The Care We Want
Clenton Farquharson MBE, chair of Think Local Act Personal, gave the following speech at ADASS Spring Seminar on the care that he wants. He paid tribute to the person-centred approach of his social worker and made a plea for delegates to remember their moral and legal duty to put people’s wellbeing front and centre.
In 1995 a social worker changed my life. This is particularly remarkable when you consider that I refused to let her inside my front door for several weeks!
I had experienced an appalling and unprovoked attack resulting in life changing injuries. Good, wonderful people at the hospital saved my life. But those injuries left me trapped in hospital then trapped in my home. My entire life had been turned upside down and I was angry, I was bitter, and I was scared.
My fierce determination to have absolutely nothing to do with this ‘do gooder’ was matched by her determination to find a way to persuade me to let her through my front door!
And she didn’t give up. Every day, including Saturdays and Sundays, she would continue to call and knock at my door. And every day, I would send her packing! These conversations, such as they were, generally took place through the letterbox!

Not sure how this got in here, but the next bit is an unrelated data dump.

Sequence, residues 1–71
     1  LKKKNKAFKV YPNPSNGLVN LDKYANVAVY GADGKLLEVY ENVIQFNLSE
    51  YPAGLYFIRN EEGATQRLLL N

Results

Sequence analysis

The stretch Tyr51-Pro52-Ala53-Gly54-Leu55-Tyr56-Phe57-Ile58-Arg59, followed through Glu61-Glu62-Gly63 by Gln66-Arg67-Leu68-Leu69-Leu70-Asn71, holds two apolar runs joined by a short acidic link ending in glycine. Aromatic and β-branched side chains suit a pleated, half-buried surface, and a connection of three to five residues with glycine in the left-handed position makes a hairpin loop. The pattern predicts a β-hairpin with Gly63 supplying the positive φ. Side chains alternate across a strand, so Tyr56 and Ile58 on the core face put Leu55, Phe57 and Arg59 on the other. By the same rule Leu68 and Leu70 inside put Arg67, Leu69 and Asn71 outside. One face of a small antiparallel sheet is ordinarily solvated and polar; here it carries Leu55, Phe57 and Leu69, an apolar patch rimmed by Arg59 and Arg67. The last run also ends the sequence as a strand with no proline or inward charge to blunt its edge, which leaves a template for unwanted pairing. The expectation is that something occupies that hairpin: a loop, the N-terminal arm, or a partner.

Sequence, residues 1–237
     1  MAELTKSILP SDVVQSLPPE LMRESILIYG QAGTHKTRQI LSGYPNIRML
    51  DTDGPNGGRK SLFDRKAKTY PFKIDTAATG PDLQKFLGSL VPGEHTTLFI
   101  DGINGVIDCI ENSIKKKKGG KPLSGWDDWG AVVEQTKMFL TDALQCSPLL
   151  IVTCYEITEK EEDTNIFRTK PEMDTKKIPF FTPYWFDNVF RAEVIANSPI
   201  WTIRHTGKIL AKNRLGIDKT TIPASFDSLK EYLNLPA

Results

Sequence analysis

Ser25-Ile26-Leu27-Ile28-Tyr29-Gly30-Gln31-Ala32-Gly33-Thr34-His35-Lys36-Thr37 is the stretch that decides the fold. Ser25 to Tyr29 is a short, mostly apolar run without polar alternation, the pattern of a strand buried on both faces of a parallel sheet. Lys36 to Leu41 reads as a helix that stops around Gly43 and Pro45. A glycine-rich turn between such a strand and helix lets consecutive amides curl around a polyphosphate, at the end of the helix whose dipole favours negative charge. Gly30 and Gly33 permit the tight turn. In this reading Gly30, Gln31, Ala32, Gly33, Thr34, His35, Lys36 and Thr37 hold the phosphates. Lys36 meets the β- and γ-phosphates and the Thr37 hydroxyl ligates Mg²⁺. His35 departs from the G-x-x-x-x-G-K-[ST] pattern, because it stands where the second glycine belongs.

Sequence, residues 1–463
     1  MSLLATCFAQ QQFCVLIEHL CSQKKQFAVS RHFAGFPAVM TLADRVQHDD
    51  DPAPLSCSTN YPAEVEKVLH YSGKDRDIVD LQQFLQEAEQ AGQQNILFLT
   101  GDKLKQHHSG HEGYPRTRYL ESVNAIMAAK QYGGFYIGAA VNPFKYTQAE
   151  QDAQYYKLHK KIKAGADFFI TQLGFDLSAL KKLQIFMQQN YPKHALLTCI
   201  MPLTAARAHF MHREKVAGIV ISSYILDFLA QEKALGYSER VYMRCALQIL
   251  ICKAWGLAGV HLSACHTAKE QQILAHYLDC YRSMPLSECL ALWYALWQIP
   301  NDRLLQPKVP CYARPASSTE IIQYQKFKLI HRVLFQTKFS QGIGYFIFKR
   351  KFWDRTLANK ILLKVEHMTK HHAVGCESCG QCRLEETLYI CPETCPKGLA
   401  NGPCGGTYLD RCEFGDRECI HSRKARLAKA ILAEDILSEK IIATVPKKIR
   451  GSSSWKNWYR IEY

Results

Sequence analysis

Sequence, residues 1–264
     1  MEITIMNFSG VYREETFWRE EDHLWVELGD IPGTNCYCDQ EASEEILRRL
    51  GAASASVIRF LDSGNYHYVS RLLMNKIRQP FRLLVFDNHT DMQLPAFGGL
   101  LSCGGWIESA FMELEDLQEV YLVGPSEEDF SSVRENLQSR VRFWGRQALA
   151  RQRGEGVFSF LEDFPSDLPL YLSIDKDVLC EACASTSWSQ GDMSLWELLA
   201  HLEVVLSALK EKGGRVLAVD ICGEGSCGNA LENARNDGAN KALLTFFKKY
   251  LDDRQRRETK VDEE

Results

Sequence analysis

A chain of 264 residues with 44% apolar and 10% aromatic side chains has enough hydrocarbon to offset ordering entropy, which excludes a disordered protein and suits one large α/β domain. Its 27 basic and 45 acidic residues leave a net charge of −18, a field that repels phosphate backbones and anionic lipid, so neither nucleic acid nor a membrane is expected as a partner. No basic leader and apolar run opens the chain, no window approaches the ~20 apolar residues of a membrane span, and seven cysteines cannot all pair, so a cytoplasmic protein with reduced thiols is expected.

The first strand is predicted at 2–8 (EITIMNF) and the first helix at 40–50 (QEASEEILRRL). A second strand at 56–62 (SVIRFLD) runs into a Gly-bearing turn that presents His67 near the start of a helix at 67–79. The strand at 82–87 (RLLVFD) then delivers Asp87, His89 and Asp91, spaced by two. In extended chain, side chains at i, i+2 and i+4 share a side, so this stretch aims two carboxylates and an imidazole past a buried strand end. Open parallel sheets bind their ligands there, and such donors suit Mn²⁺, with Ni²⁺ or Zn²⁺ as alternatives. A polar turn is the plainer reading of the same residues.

But her sheer tenacity and resourcefulness paid off and one day, I opened the front door and invited her across the threshold. And that’s when my new journey began. Karen enabled me to become a husband again, a father again, a son again. She helped me regain my life.
And that’s what good social care support does – it transforms lives by supporting people to do what everybody else would consider ordinary. It’s only when the ordinary becomes extraordinary by virtue of accident, illness, injury, that we realise how precious the ‘ordinary’ is. Going out with your mates. Picking up a bit of shopping for your mum. This very ordinary stuff is the stuff of life.
How did Karen do it? Karen did it by listening to me without prejudice. By demonstrating empathy, by investing time in getting to know me. Above all else, Karen saw me as a human being who, despite my devastating experience, had potential to live a good and meaningful life and Karen walked side by side with me to help me get there.
And that’s the care that matters to me. That’s what I want everybody to experience.
Twenty-four years on I would have expected that this approach would be common place. Sadly, this is not the case. I recently received a letter from a young woman of twenty-two. I’ll call her ‘Tara’.
Tara’s mental health deteriorated in December. She received crisis support over Christmas but was then discharged and left alone without any support. Already paying for her own counselling, Tara had to use even more of what little money she had to buy additional therapeutic support to avoid a downward spiral in her mental wellbeing.
Tara tried to find out how she might be able to use her direct payment but found it impossible to get information.